The issue was resolved in August 2015 when the FBI took away Kendall’s copies of the emails. (The Associated Press, 9/28/2015)
Senate Judiciary Chair Chuck Grassley (R) sends a letter to former Clinton aide and lawyer Heather Samuelson. In late 2014, Samuelson led the sorting process through Clinton’s 62,000 emails to determine which ones to turn over to The State Department and which ones to delete. She also worked on Clinton’s 2008 presidential campaign and then was a senior adviser to Clinton in the State Department.
Grassley asks if Samuelson had the security clearance necessary to handle Clinton’s emails, some of which were later deemed to contain “top secret” intelligence. He writes, “It is imperative to understand your background in determining what is and what is not a federal record, since you apparently played a major role in assisting Secretary Clinton in making a decision as to which emails to delete.”
A week later, Politico will try to contact Samuelson and the Clinton campaign about Grassley’s questions but got no response. After that there will be no news reports indicating if Grassley ever gets a reply. Earlier in 2015, Samuelson moved from Washington to New York with plans to work in Clinton’s presidential campaign headquarters there. But she never started the job, due to the controversy over her role in sorting Clinton’s emails. (Politico, 11/23/2015)
Bloomberg News reports that there is a debate in high-level political circles over whether Clinton should be allowed to keep her security clearance or not during the FBI’s Clinton investigation. Predictably, Democrats say she should while Republicans say she shouldn’t. It was reported in late January 2016 that 22 emails on her unapproved private server contained “top secret” and even above “top secret” information. (Bloomberg News, 2/4/2016)
In October 2015, the State Department reportedly confirmed to Senator Chuck Grassley (R) that Clinton still holds a security clearance for TS/SCI [Top Secret/Sensitive Compartmented Information] the highest-level security clearance, and apparently nothing has changed since then. It is standard practice for high-ranking officials to retain their clearances after leaving office. (The Free Beacon, 10/7/2015)
Department spokesperson Melanie Newman says in a statement, “This matter is being reviewed by career attorneys and investigators and does not meet the criteria for the appointment of a special prosecutor.” There has been increasing pressure, especially from Republicans, to appoint a special prosecutor.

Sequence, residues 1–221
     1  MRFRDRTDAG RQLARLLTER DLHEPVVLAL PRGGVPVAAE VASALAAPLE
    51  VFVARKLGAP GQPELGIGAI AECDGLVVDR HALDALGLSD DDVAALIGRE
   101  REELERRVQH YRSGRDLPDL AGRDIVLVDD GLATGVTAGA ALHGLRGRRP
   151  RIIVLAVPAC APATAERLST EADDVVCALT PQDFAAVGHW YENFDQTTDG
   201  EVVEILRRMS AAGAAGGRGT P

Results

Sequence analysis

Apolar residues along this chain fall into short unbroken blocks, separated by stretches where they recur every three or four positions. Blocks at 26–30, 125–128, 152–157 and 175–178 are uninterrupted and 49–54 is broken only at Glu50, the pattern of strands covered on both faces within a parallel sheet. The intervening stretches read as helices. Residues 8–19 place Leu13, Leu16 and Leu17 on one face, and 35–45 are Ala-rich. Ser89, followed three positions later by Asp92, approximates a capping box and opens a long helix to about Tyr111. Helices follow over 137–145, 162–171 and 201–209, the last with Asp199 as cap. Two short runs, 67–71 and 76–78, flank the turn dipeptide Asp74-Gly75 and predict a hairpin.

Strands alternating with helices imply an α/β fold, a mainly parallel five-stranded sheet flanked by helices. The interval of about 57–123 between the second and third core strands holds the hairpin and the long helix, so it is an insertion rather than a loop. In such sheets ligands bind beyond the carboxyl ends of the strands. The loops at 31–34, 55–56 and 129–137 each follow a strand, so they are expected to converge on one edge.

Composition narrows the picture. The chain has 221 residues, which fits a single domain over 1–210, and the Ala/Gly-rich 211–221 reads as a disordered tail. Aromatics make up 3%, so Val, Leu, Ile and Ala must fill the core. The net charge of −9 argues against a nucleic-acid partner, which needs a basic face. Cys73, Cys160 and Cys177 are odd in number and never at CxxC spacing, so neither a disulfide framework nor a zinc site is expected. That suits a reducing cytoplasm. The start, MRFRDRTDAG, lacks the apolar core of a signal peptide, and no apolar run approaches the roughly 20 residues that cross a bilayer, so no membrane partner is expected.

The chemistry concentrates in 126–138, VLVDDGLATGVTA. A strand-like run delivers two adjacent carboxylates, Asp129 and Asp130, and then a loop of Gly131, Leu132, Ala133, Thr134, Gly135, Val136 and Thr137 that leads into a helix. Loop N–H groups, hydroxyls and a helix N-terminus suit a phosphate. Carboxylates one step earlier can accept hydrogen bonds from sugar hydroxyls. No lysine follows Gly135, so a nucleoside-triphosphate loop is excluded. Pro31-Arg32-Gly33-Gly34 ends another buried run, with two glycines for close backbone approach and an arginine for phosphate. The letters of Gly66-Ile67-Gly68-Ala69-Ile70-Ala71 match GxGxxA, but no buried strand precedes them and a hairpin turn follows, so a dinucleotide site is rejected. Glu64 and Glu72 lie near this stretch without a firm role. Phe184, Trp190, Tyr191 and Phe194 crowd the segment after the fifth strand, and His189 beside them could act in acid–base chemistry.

Many worry about a potential conflict of interest if Attorney General Loretta Lynch were to head any prosecution. Although Lynch isn’t seen as personally close to Hillary Clinton, Lynch was appointed to be the US attorney for the Eastern District of New York by President Bill Clinton in 1999. Furthermore, there is speculation that Lynch might keep her job as attorney general if Clinton wins the presidential election in November 2016, giving her a personal investment in the outcome of any prosecution.
Senate Judiciary Committee chair Charles Grassley (R) has said that a special prosecutor would reassure Americans that decisions are made “without regard to any political considerations.” Donald Trump, the frontrunner in the Republican presidential primaries, said in October 2015, “I think they probably won’t indict her, because the attorney general is from New York, who I believe is a friend of Hillary Clinton.” (The Hill, 2/8/2016)
According to Politico, recently discovered emails show that three of Clinton’s former staffers used accounts from a domain linked to Clinton’s 2008 presidential campaign. Clinton’s chief of staff, Cheryl Mills, used the account email@example.com in an April 5, 2009 email. Clinton’s deputy chief of staff, Huma Abedin, used the account firstname.lastname@example.org in a February 22, 2012 email. And Clinton’s computer technician, Bryan Pagliano, used the account email@example.com in a March 21, 2010 email. These accounts apparently are in addition to other work and personal emails used by all three people.